I think you said you have nine, nine websites right now in your portfolio. Is that, is that right? Roughly nine websites. I think three of them are kind of on the bigger side. I mean, we're not talking huge scales again. One of the reasons is I spent too much time doing other things to actually grow my own portfolio, but I've changed that mindset in the last couple of months.
And I'm really going heavy on a couple of websites. So what am I doing? Um, case studies is using an age demand and I've never used an age demand on a website. It's always been a brand new domain and I've used the stage domain. I've started the website off with a full team on an applet, the entire team on it to see what we're capable of, see how quickly we can grow.
How much content can we produce? What will it cost at that rate? And in the first month we launched the site, we have 200 articles on in month, one an hour up to over 450, and we've not hit month two yet. So, you know, he's on target for having like a thousand articles in six months, which is crazy. Um, but again, I like to see if the team processed.
Can do that. And what would it cost to get to that pipe and share it with everybody and let them know. So, you know, some people like websites with a small amount of really beautiful uni content, some people like the bulk content just, you know, get as much content on later as you can. So I've kind of gone from in the middle.
It's good content, but. That's a, that is a major push out of the gate. Um, and you're, you're kind of reading my mail. My, my question for you was why nine sites, do you ha do you focus on maybe having a broader portfolio? We had, um, we had Shawn Newman on the podcast a couple of months back and she spoke about wanting, I think she said she had about 17 in her portfolio at that time and spoke about.
To her, the benefits of that. I know a lot of people who like to focus on one or two sites and just pour everything they have into it. So I'm curious what made you ultimately decide to put so much effort on these three bigger sites and really this, this one aged domain site that you're working on? So I think the benefit of having let's say nine or 10 sites is that you kind of get to see what's working and what isn't rarely.
So rather than. Putting all your hopes in one side, because I have, I have a, some sites that are failing. I have wool that I call my mega website project, and this was going to be the biggest site of ever bill. I was going to pull a lot of content on there. We are talking thousands of articles and I got to 350 articles and it's not doing anything, but we were a year in and it's still not moving.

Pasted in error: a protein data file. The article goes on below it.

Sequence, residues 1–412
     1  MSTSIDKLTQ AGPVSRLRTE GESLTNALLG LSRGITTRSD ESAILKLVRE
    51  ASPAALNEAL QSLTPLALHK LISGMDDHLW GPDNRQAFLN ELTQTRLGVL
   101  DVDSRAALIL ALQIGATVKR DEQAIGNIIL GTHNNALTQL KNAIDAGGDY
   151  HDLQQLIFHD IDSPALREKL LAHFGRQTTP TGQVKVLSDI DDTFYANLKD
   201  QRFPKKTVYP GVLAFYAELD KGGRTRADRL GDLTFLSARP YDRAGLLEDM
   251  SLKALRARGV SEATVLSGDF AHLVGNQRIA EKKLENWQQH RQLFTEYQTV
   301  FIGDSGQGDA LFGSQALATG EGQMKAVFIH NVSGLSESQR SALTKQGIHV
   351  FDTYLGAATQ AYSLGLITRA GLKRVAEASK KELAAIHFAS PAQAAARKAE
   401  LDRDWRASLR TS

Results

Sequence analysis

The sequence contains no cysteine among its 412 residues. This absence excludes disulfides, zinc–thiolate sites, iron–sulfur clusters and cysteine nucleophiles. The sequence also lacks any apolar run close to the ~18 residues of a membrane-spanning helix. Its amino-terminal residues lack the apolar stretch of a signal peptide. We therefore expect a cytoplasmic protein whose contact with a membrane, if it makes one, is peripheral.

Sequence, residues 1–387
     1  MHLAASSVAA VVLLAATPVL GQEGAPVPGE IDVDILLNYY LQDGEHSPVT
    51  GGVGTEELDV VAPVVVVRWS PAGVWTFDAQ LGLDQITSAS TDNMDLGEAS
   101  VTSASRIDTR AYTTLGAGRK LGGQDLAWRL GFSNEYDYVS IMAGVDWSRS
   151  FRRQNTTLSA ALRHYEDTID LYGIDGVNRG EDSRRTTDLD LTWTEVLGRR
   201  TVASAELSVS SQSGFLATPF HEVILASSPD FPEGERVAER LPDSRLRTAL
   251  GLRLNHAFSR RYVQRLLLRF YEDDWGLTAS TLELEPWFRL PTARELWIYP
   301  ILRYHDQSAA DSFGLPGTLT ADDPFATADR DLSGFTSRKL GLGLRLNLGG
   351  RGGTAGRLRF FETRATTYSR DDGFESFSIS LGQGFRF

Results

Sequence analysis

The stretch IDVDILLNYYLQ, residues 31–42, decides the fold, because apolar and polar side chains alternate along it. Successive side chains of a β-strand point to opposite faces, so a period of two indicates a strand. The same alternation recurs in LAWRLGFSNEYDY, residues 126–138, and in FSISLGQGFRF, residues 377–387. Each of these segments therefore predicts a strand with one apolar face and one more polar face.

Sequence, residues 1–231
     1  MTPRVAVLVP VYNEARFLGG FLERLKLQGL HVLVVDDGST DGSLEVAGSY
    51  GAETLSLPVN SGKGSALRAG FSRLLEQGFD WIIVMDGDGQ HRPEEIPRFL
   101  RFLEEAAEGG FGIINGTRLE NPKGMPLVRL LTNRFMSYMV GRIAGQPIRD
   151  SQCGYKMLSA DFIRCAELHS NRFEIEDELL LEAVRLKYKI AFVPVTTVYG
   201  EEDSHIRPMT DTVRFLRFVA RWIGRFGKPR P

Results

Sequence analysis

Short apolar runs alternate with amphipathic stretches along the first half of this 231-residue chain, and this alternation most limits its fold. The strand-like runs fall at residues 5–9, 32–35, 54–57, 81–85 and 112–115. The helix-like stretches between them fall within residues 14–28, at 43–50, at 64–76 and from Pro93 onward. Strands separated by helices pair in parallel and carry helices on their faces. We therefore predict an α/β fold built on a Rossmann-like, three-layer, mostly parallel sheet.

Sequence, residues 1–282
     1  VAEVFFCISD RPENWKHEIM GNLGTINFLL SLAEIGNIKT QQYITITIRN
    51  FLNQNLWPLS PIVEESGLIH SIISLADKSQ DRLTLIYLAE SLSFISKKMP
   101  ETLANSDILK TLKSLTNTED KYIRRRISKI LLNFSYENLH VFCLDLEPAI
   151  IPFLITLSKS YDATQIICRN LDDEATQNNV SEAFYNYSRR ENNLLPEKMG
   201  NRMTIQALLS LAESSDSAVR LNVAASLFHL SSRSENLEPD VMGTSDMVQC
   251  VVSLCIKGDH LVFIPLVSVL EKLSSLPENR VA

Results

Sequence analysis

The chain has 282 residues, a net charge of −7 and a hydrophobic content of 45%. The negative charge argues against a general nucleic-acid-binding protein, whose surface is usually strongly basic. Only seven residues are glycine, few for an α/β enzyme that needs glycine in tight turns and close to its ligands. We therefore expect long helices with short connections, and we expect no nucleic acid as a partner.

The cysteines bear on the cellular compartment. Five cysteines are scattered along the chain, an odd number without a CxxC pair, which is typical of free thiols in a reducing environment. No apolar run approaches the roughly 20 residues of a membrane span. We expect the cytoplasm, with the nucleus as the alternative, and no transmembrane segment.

Now if I had to pull all my eggs in one basket, and that was my only project out of. Yeah, I did. I lost $20,000. It's going nowhere. I can't get rid of it. I would have been really in trouble, but having them over websites that while I was doing that with taking off, I can then go, okay, wait a minute. Let's pause that.
Now let's Google figure that side out and let's flip our attention to what. So I've got at the Moonlight, say three sites. One of them that I didn't think I would really push this month because it's out of season, it's a seasonal website. And, uh, even though it's Alex season, he's doing tremendous, the trophy's going off the ad revenues going up.
So I've literally just shifted half of my team and said, you go on that site quick. It is working. Let's dump a lot of content on there quickly, and I'm able to do that. So having that spread of portfolios. Easiest the thought process that, I mean, I would dread having everything tied down or one website, you know, you know what algorithm up there, no matter how good your site is, it can be a train wreck and you are in, you know, back to square one.
So how do you think it's safer to have a smaller portfolio websites and really just see what's working? I can test more things as well across different leashes. Yeah. Well, I think we're in the middle of a, of an algorithm update now, or it might be just wrapping up. I mean, there's many of them a year and yeah, like you said, it doesn't seem to matter to some degree what type of site you have or how you built it.